Bill and Gloria Gaither to be honored at Chamber gala
By Dirk Webb
Dove Awards, Grammy Awards, Halls of Fame, Sagamore of the Wabash, Kentucky Colonel, Honorary Doctorates, Lifetime Achievement Awards, Albums of the Year, Songwriter of the Year…the list beginning in 1968 rolls to the present in a stream that is nearly beyond comprehension.
Yet Bill and Gloria Gaither, arguably Madison County’s leading citizens, whether referred to singly, as a couple or as a conglomerate, are “one of us.”
Never mind, for a moment, that they’ve traveled the world for the past 50 years. Forget, just for now, that their songs have been covered by everyone from Elvis Presley to the choir director at your church. Bill and Gloria are “one of us.”
Established in 1965, Gaither Music spans the globe in circles far beyond Gospel Music. Encompassing recording studios, television production, copyright management, and an animation company, they are the definition of the Entrepreneurial Spirit in a small town setting.
Their songs and message of hope transcend musical genres and the reach of their business endeavors extend from a local retail shop and studio complex in Alexandria, Indiana to touching an international audience with their “Gaither Homecoming” series.
But, if you pay close attention, you might see Bill wandering the Madison County Fairgrounds during a warm summer evening nibbling on a snack. You may encounter Gloria striding down the halls of Anderson University after teaching her latest class. They are “one of us.”
Celebrating 50 years of creativity and excellence with Bill and Gloria Gaither is like, well, celebrating with friends just up the road. They didn’t move to New York, Los Angeles or Nashville. They choose to be “one of us.”
And we love them for it.
Why here in Madison County? “This county is where our roots are. We have history here, and the friends we have here in Madison County are the ones who knew us and supported us before anyone ever knew our names. So it is important for us to keep our business here and to keep investing in this community that has been so good to us.”
Why is your music and business still so relevant after 50 years? “For us, the message of hope we sing about doesn’t change. Styles change, but hope is timeless. The methods by which we create have certainly changed; we are more efficient and our reach has broadened with the help of technology, but for us, the thing that people are drawn to is the core truths that never change”
What are your goals for 2015? “After more than 50 years of getting to do what we love for a living, the goal is to keep doing what we’re doing. We plan to keep making great music that is relevant in our world, and we have a great team that is helping us make wise, informed decisions so we can continue to do what we do at the highest possible level in 2015 and beyond.”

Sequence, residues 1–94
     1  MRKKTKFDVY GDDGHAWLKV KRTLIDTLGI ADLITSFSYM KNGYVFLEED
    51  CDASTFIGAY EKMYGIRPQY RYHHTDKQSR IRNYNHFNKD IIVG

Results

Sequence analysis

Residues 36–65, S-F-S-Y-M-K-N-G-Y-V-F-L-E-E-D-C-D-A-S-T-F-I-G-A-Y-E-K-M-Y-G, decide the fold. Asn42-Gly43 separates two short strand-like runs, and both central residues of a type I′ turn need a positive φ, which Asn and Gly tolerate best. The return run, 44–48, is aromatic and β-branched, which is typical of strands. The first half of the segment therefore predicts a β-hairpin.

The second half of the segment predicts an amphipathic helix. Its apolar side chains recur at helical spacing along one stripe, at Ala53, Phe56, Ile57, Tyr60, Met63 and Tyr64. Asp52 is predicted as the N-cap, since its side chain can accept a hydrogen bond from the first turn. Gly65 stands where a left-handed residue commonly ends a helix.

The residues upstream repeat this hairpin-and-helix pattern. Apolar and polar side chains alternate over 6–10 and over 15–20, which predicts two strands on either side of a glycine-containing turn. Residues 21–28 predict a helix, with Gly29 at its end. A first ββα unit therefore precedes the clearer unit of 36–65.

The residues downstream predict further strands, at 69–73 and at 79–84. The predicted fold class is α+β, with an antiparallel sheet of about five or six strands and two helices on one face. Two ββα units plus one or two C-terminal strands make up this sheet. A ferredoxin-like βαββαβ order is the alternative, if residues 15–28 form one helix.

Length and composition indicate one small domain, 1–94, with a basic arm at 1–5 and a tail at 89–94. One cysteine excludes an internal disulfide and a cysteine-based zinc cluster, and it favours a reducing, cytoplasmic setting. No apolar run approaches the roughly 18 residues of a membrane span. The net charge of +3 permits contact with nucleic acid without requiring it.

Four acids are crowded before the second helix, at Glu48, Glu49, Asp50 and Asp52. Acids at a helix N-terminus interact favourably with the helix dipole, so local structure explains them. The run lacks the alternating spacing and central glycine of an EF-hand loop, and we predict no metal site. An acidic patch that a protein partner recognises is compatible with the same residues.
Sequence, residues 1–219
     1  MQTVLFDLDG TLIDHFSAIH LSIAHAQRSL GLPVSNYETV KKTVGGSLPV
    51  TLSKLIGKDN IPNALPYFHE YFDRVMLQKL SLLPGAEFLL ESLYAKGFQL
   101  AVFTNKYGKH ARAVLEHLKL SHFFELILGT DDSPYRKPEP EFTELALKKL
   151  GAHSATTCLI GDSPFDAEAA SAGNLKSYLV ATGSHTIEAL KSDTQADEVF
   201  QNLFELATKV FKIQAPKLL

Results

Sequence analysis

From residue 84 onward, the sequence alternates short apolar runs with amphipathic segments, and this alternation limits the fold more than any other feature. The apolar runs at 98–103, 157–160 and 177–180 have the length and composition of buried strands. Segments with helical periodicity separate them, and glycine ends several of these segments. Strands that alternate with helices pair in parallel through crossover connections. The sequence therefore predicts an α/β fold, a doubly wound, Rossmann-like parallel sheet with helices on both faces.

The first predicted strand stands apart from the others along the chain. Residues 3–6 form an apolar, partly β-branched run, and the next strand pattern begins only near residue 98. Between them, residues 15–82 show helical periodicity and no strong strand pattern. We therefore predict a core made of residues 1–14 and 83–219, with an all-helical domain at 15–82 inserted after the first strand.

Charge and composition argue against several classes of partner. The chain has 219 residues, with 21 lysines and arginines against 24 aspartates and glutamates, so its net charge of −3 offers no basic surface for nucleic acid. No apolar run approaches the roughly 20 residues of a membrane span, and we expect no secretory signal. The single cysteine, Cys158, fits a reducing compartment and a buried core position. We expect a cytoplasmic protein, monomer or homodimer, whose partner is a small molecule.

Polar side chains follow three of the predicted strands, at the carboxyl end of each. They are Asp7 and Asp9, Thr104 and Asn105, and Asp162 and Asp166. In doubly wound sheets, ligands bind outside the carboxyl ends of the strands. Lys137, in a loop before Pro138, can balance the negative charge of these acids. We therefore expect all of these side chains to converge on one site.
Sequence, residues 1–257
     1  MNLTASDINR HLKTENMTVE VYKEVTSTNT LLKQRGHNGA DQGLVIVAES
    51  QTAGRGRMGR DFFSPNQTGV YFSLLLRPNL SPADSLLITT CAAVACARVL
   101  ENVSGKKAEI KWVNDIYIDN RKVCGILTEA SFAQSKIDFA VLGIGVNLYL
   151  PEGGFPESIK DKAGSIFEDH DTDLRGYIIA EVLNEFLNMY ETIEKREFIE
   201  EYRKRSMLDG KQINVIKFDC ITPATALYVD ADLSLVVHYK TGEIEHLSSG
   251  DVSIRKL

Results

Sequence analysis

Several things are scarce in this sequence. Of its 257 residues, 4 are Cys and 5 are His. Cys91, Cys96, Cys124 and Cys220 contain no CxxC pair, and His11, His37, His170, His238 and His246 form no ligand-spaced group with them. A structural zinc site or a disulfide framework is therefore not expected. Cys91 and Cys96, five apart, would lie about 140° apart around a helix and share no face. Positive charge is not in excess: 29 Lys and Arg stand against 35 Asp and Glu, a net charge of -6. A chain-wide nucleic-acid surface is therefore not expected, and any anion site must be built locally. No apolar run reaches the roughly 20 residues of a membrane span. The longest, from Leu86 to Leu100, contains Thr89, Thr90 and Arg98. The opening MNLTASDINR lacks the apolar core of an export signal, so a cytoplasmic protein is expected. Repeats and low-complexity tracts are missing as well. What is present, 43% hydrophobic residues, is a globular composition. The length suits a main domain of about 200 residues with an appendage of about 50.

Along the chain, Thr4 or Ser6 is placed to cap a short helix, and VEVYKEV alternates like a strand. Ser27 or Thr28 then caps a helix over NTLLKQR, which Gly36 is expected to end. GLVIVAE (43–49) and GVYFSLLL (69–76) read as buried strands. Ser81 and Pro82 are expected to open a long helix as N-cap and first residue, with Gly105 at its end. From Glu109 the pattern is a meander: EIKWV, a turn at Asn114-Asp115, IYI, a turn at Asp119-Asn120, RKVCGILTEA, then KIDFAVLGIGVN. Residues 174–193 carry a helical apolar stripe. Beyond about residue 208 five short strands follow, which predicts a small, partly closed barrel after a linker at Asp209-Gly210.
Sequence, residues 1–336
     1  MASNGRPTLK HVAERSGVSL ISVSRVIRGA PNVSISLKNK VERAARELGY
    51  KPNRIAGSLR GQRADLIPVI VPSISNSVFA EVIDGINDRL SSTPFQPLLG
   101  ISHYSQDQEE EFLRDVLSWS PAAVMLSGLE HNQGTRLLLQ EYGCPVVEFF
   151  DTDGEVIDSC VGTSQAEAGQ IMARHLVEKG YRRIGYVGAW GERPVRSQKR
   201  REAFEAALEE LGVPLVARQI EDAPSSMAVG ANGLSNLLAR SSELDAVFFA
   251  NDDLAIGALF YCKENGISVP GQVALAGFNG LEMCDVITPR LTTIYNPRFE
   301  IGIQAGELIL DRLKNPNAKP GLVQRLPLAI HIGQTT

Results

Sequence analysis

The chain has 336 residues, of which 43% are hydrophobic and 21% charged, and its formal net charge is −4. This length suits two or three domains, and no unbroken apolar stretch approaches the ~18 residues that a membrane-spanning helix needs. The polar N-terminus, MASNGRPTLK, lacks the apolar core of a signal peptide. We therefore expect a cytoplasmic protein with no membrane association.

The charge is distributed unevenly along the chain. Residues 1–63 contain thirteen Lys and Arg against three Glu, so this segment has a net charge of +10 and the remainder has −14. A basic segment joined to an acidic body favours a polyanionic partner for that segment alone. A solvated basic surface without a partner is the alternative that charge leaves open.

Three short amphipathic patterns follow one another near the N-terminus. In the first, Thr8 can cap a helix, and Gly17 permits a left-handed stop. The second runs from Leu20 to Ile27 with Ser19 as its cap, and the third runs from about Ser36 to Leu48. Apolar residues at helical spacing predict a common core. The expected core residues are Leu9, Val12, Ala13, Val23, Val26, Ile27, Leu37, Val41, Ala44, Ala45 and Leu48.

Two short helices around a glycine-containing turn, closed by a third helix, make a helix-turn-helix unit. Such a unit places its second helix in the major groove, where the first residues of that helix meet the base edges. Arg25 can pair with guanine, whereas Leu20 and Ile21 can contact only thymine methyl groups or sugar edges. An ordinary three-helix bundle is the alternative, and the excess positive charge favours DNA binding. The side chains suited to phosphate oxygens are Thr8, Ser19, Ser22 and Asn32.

Who do you consider the most courageous person in history and why? “There are so many individuals throughout history that I admire for their remarkable courage. But today, I’ll choose Nelson Mandela. I have stood in the prison in Robben Island, where he was held for 27 years for political reasons. And it was overwhelming to think that he walked out of there with all kinds of reasons to get even, but he didn’t. He chose to pursue reconciliation. That choice took rare courage.”
If you were to take that person on a tour of your business, what one thing would you want them to see? “If he toured our businesses, I hope he would see that we hold to his conviction that everyone deserves to be treated with dignity. I also hope he would be pleased at our commitment to our customers and to our community as a whole.
Over the past 50 years, I’ve told many new employees about the night when our music business was just starting and I was still teaching school as a day job. I got a call at 11:30 PM, after I had already gone to bed, and someone needed 300 photo copies of “He Touched Me” by the next night. I got out of bed, got dressed, went down to the basement and made those copies; then I drove to the Anderson bus station in subzero temperatures and put those copies on a bus so they could be delivered by the following night. We try to keep the same motto that permeated our business when we first started: go the extra mile for your customers’ needs, even if it means getting up in the middle of a cold, February night to get them what they need.”
What was the defining moment when you knew your business was making a difference? “To be honest there wasn’t one defining moment. There were several. In our early days, those moments happened when we received letters in the mail from people saying, “Thank you for the song… “It was a powerful thing to hear that our music made a difference to someone who was going through a divorce, mourning the loss of a child, facing a life-threatening illness or in the midst of other difficult circumstances. Still, those stories are the reason we value every package that is sent from our company each day. Each package represents a life, and the music inside each shipment could help bring someone hope and encouragement.”